The New York Times seemingly said the quiet part out loud last Thursday, May 25, when Hollywood critic Wesley Morris penned the piece “‘The Little Mermaid’ Review: The Renovations Are Only Skin Deep” in which he partially whined about there being a lack of sexual “kink” in the children’s movie. He also didn’t appreciate Disney’s latest attempt at “culturally reparative work” and the collaboration of different races to make the movie.
Morris’s disturbing cry for more sexually explicit material in children’s movies first drew public condemnation when The Times promoted his position on Twitter. The tweet utilized lines from his opening paragraph: “It reeks of obligation and noble intentions. Joy, fun, mystery, risk, flavor, kink — they’re missing.”
That line was immediately followed up with the gripe that “The movie is saying, ‘We tried!’ Tried not to offend, appall, challenge, imagine.”
So, according to Morris, the lack of sexual kink in the kid’s movie was a travesty because it betrayed a lack of imagination and will to offend? Disgusting.
Many others who tackled Morris’s huff about the lack of “kink” largely reported on the tweet and the online outrage but didn’t look much further, possibly turned off by the fact the article was behind The Times’ paywall. But here at NewsBusters, we dove into the rest of Morris’s rambling and found an article brimming with racially charged animus.
Morris’s author page on the Times’ website noted that one of his focuses was “Hollywood’s addiction to racial reconciliation fantasies,” which explains why he seemed upset that Ariel, played by black singer Halle Bailey, ended up with Prince Eric, played by white actor Jonah Hauer-King, and the multi-racial cast:
Now, Ariel’s rueful daddy, King Triton, is played by a stolid Javier Bardem, who does all the king’s lamenting in Spanish-inflected English. Instead of the Broadway chorines of the original, her mermaid siblings are a multiethnic, runway-ready General Assembly.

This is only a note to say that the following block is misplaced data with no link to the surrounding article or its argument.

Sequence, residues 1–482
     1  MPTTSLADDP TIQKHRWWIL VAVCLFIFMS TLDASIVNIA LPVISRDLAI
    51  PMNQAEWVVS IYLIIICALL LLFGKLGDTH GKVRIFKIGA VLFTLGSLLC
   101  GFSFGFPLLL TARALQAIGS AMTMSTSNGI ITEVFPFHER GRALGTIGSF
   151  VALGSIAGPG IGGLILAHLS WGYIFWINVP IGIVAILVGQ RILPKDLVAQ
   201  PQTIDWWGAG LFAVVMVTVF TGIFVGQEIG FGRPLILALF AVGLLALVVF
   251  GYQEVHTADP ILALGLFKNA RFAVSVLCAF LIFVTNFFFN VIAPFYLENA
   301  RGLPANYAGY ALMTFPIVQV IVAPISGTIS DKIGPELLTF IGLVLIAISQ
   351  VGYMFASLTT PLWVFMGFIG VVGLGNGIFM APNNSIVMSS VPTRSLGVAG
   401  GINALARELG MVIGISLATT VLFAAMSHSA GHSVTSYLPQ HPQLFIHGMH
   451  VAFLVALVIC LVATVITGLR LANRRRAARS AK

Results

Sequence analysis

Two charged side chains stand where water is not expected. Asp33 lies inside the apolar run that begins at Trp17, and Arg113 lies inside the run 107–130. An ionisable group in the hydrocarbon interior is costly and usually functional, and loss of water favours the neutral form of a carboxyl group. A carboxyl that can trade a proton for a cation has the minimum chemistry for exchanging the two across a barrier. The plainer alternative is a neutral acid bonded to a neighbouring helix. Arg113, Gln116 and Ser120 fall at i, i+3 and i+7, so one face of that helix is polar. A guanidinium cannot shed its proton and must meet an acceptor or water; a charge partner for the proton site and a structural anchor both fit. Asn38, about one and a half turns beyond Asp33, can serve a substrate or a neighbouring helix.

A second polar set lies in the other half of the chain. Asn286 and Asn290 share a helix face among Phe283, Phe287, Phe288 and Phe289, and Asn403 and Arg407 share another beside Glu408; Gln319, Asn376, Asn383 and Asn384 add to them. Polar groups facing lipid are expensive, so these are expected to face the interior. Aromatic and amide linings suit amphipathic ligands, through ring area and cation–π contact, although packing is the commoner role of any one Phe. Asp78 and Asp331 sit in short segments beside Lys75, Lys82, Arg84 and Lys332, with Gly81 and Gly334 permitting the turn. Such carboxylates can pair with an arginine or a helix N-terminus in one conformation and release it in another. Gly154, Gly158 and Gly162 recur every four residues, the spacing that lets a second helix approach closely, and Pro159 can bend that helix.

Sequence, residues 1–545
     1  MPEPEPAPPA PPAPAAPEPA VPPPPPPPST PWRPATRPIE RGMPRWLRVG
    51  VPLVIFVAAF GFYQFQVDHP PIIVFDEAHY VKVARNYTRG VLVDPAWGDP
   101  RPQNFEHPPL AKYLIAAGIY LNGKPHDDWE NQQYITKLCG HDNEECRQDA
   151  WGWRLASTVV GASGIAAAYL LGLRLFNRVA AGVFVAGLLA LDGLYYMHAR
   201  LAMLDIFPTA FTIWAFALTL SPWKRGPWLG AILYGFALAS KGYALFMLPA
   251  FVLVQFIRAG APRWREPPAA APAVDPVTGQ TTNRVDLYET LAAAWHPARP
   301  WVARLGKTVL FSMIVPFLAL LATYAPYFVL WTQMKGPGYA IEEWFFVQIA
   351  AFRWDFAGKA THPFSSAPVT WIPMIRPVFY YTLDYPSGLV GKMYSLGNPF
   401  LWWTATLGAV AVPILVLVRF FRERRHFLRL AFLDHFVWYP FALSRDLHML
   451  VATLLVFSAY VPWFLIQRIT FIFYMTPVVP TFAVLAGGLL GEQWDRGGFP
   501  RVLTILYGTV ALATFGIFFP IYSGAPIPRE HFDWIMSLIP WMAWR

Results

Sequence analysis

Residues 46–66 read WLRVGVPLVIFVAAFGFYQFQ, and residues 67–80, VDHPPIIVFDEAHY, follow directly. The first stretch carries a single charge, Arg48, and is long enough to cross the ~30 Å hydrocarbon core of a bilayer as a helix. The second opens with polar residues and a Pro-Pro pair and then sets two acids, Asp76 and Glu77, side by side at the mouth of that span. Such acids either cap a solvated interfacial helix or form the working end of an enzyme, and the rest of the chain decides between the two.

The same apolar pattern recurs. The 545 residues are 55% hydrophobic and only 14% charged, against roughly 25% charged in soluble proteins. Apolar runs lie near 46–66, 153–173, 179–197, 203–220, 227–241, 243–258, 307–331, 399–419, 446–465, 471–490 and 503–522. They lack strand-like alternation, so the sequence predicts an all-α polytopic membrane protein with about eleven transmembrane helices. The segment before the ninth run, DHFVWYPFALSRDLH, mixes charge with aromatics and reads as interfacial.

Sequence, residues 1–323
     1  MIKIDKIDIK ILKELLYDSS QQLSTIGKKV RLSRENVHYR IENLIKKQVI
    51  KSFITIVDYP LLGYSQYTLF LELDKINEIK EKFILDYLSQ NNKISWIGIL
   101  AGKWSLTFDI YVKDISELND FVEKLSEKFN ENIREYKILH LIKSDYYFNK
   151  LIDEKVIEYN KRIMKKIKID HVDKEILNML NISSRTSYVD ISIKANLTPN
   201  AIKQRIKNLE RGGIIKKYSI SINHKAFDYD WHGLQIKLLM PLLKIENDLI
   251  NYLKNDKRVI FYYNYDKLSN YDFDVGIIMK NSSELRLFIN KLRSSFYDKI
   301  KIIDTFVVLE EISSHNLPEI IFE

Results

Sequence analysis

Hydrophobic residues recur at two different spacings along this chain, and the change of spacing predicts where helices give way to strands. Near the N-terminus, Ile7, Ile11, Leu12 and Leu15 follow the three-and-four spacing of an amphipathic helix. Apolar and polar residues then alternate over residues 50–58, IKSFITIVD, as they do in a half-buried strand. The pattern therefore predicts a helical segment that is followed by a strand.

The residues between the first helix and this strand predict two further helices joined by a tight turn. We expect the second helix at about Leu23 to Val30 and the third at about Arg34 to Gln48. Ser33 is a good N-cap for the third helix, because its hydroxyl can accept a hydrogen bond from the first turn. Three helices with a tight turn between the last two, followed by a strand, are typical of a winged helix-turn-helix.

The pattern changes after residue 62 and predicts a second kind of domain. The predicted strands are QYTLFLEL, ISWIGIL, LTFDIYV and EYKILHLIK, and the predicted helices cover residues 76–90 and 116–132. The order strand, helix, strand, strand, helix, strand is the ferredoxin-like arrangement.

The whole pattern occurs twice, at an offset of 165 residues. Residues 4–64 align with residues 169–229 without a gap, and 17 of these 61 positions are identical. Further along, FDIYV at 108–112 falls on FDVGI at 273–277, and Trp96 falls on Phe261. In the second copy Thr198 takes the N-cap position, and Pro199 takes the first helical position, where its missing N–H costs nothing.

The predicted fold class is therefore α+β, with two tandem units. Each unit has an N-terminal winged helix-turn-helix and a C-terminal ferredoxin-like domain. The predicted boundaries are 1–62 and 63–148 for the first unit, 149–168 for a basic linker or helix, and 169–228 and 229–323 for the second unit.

The prince, Eric (Jonah Hauer-King), is white, English and now seems to have more plot than Ariel. “More” includes meals with his mother, Queen Selina (Noma Dumezweni), who’s Black, as is her chief servant, Lashana (Martina Laird).
“It’s still a Disney movie, one whose heroine now, sigh, happens to be Black,” he lamented. “The colorization hasn’t led to a racialized, radicalized adventure. It’s not a Black adaptation, an interpretation that imbues white material with Black culture until it’s something completely new.”
He also saw racial undertones in Melissa McCarthy’s Ursula stealing Ariel’s voice, something that existed in the original animated version. “When Ursula pulls a fast one and reinvents herself as Vanessa, a sexy rival who appears to be white and woos Eric with a siren song in Ariel’s voice, there’s a whole American history of theft and music to overthink, too,” he complained.
He also decried how multiple races came together to write and perform a new rap song for the movie:
The song that breaks this news to Ariel and Sebastian is a rap called “The Scuttlebutt” with lyrics by Lin-Manuel Miranda. And Awkwafina, who does Scuttle’s voice, performs most of it while Bailey looks on in what I’m going to call anguish. Here’s an Asian American performer whose shtick is a kind of Black impersonation, pretending to be a computer-generated bird, rhythm-rapping with a Black American man pretending to be a Caribbean crab. It’s the sort of mind-melting mess that feels honest and utterly free in its messiness, even as the mess douses a conveniently speechless Black woman.
“It’s really a misery to notice these things,” he pitied himself.